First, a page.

Many people have flowering quince bushes for spring flowers.  Did you know that quince is a fruit bearing bush or tree?  Why plant a variety that only flowers?  Toyo-Nishiki is a unique Japanese variety; Toyo-Nishiki produces a spectacular display of red, white, and pink flowers which can all appear on one branch. After the flowers, you can harvest the fruit and make delicious syrup and jam.  Or the Contorted Quince  an especially attractive selection, Contorted is prized for its compact growth habit; it’s white and pink flowers, and its unusual contorted branch structure. A naturally dwarf plant, Contorted grows to only about 3 ft. in height. Contorted also bears abundant crops of medium size fruit.  It also provides beauty in the winter with its contorted shape.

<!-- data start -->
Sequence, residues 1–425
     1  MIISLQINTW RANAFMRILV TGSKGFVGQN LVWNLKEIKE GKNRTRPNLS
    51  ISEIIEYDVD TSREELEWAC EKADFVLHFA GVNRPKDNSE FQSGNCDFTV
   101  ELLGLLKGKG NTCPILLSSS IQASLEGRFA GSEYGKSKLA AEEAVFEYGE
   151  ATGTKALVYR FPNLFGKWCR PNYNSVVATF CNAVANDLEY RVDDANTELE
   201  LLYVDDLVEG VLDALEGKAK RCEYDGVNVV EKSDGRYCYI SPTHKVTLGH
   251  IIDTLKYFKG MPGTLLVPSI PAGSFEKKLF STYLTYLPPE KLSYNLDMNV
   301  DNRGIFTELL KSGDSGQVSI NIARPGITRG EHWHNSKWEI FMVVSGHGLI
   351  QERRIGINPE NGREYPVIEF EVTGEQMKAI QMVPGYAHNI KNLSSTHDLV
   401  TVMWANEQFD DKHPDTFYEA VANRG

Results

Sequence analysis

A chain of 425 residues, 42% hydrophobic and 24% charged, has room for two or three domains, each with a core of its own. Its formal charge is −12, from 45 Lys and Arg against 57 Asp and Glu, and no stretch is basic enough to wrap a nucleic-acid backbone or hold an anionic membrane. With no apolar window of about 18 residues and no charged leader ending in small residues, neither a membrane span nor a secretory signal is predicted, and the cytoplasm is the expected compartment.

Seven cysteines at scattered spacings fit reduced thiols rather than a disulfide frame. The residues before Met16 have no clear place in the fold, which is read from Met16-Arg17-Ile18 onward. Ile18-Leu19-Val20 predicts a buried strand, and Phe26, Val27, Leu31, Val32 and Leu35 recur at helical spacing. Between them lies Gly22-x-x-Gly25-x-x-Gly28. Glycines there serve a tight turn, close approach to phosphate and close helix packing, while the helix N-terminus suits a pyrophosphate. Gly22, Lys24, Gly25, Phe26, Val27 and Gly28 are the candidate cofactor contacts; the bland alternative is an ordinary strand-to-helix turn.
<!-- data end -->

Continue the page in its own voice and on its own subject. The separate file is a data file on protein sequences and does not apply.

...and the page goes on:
Speaking of Spring flowering shrubs, if you’re living in the South, you either have or want Dogwoods.  We just love the beautiful under story tree.  But instead of just having pink or white dogwoods (or even the ones with red branches for winter), why not plant Cornelian Cherry Dogwood.  It is native to Ukraine and other regions around the Black Sea. Growing as a shrub or small tree, it is valued for its tasty fruit and for its ornamental value.  It is very high in Vitamin C and is good for fresh eating, preserves, juice, and wine.

You have cherries or strawberries that the birds harvest before you do.  Why not plant a Contorted Mulberry   This very rare and unique Mulberry grows only 6-8 ft. tall with gnarled and twisted branches. Enjoy this beautiful and unusual effect especially after leaves fall. An added benefit is the small, tasty, sweet black fruit.  Birds like Mulberries more than cherries and strawberries so use it for a “target” tree.  Again, like the Contorted Quince it provides for the winter garden also.